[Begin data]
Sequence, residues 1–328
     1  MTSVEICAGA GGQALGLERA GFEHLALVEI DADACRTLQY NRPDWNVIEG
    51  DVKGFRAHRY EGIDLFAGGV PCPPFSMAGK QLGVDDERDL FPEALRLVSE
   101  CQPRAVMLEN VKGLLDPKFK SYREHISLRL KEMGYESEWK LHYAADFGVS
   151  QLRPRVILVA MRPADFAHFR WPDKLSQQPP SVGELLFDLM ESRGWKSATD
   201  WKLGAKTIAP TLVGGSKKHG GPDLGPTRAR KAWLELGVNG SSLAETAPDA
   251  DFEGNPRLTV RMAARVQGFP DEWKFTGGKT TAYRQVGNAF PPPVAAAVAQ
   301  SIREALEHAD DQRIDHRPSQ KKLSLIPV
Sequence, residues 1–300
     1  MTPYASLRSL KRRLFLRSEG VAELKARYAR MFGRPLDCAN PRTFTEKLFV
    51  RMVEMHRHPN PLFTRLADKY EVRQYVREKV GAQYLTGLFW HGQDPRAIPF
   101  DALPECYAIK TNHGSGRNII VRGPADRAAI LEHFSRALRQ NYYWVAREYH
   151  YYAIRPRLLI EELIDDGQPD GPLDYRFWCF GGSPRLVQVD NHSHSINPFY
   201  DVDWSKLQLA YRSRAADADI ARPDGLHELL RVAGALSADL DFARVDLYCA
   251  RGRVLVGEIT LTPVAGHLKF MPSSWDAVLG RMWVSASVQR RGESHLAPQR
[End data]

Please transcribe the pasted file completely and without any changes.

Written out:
Sequence, residues 1–328
     1  MTSVEICAGA GGQALGLERA GFEHLALVEI DADACRTLQY NRPDWNVIEG
    51  DVKGFRAHRY EGIDLFAGGV PCPPFSMAGK QLGVDDERDL FPEALRLVSE
   101  CQPRAVMLEN VKGLLDPKFK SYREHISLRL KEMGYESEWK LHYAADFGVS
   151  QLRPRVILVA MRPADFAHFR WPDKLSQQPP SVGELLFDLM ESRGWKSATD
   201  WKLGAKTIAP TLVGGSKKHG GPDLGPTRAR KAWLELGVNG SSLAETAPDA
   251  DFEGNPRLTV RMAARVQGFP DEWKFTGGKT TAYRQVGNAF PPPVAAAVAQ
   301  SIREALEHAD DQRIDHRPSQ KKLSLIPV
Sequence, residues 1–300
     1  MTPYASLRSL KRRLFLRSEG VAELKARYAR MFGRPLDCAN PRTFTEKLFV
    51  RMVEMHRHPN PLFTRLADKY EVRQYVREKV GAQYLTGLFW HGQDPRAIPF
   101  DALPECYAIK TNHGSGRNII VRGPADRAAI LEHFSRALRQ NYYWVAREYH
   151  YYAIRPRLLI EELIDDGQPD GPLDYRFWCF GGSPRLVQVD NHSHSINPFY
   201  DVDWSKLQLA YRSRAADADI ARPDGLHELL RVAGALSADL DFARVDLYCA
   251  RGRVLVGEIT LTPVAGHLKF MPSSWDAVLG RMWVSASVQR RGESHLAPQR